The Essential Films of 1939: Goodbye, Mr. Chips

The Film: Grab your hankies for the sentimental weepie, Goodbye, Mr. Chips.

The Director: Sam Wood.

The Stars: Robert Donat and Greer Garson.

Source Material: The 1934 novel, "Goodbye, Mr. Chips" By James Hilton.

A Spanish poster for Goodbye, Mr. Chips.
Awards: One Academy Award: Best Actor for Robert Donat.

The Plot: Goodbye, Mr. Chips tells the life story of Charles Chipping, who teaches Latin at Brookfield, an English public school, for more than 60 years. 

Mr. Chips (center, Robert Donat) and German master Staefel (Paul Henreid, to the left of Donat) with some of their young charges in Goodbye, Mr. Chips

Location: Goodbye, Mr. Chips was filmed at MGM's English studios in Denham Buckinghamshire. The cast and crew also traveled to Repton School in Derbyshire for location shooting. Many students and teachers worked on the film, with about 200 Repton schoolboys appearing as extras in the film.

Repton School today. As you can see, they now admit girls.

Best Performance: Robert Donat as Mr. Chips. Donat appeared in English films throughout the 1930s, most famously starring in Alfred Hitchcock's The 39 Steps (1935). His lead role in The Citadel (1938), which was a massive hit for MGM, earned him the part of Mr. Chips. Donat never hits a false note in  an extremely tricky part that requires him to age from his 20s to his 80s. He was a surprise Oscar winner -- many people thought either Clark Gable in Gone With the Wind or James Stewart in Mr. Smith Goes to Washington would win -- but he certainly deserved the honor.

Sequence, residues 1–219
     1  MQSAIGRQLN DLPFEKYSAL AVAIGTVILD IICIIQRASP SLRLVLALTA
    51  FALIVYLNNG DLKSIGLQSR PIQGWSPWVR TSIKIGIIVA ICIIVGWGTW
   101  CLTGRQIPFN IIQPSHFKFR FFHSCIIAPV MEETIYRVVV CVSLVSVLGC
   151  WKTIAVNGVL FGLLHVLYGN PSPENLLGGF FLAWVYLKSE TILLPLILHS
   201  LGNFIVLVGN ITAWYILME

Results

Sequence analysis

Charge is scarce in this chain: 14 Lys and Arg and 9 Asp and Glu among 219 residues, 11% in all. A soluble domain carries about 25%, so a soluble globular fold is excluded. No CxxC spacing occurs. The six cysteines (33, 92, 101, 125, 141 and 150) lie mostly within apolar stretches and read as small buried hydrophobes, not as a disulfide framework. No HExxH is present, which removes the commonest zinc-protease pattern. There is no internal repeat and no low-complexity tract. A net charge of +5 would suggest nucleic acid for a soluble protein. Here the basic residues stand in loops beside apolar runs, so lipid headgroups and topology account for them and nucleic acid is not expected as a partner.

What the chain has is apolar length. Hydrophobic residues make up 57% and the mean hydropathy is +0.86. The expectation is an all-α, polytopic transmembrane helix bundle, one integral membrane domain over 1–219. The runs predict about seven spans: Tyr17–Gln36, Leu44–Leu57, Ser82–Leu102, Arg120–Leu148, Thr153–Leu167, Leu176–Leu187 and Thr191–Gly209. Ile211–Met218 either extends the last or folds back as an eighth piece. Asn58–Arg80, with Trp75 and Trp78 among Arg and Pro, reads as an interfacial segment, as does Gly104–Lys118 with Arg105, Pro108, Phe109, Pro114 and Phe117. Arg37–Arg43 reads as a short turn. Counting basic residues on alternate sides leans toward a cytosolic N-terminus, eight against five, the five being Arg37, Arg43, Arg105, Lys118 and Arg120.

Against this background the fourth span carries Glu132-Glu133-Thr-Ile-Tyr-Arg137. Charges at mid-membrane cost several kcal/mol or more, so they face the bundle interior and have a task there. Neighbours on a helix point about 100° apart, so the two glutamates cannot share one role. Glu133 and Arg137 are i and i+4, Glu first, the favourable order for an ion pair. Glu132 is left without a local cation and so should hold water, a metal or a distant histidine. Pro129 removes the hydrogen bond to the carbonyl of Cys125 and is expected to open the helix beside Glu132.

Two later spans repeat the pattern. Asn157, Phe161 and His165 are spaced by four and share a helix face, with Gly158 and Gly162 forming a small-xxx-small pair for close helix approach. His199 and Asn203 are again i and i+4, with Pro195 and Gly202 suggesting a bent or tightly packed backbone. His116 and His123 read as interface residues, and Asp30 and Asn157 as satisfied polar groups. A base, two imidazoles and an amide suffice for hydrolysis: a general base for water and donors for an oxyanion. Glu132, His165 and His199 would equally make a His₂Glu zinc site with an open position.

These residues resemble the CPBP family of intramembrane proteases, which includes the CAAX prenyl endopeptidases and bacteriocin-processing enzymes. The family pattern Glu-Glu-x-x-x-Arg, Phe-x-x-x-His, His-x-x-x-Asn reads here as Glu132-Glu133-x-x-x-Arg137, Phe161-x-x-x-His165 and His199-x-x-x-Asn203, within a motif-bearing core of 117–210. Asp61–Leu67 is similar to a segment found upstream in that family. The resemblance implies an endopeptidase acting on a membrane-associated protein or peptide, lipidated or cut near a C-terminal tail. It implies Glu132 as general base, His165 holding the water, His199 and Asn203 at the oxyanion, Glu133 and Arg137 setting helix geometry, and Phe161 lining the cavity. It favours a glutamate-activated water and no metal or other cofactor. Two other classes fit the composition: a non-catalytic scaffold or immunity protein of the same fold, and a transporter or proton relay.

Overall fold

Greer Garson and Robert Donat in a publicity still for Goodbye, Mr. Chips (1939).

Breakthrough Performance: Greer Garson as Mr. Chips wife, Kathy. Garson was a little-known Irish actress when director Sam Wood saw her screen test and chose her for the role of a feisty and beautiful young woman who wins the heart of the middle-aged Mr. Chips. The role catapulted Garson to stardom: She would become the queen of MGM three years later when she won an Oscar for playing wartime British housewife, Mrs. Miniver.

Best Line: "I thought I heard you saying it was a pity, a pity that I never had any children, but you're wrong. I have thousands of them. Thousands of them and they're all boys." Mr. Chips, overhearing a conversation on his deathbed.

Mr. Chips shares tea with a young pupil (Terry Kilburn) in Goodbye, Mr. Chips (1939).

The Show-stopper: The final scene where generations of Brookfield students doff their caps and salute Mr. Chips. 

Fun Fact: Composer Richard Addinsell wrote an official school song for Brookfield as part of his score for Goodbye, Mr. Chips. It can be heard in the opening shots in this clip.

Why it's essential: Goodbye, Mr. Chips is one of the best MGM films of the studio-system era. Yes, it's a sentimental tearjerker, but those tears are earned through Wood's exceptional direction and through the fine performances of Donat, Garson and the rest of the cast. Goodbye, Mr. Chips has influenced the many films about teachers that have followed, including Dead Poet's Society and Mr. Holland's Opus. 

Availability: DVD and video on demand.

Next week James Cagney and George Raft do hard time in Each Dawn I Die.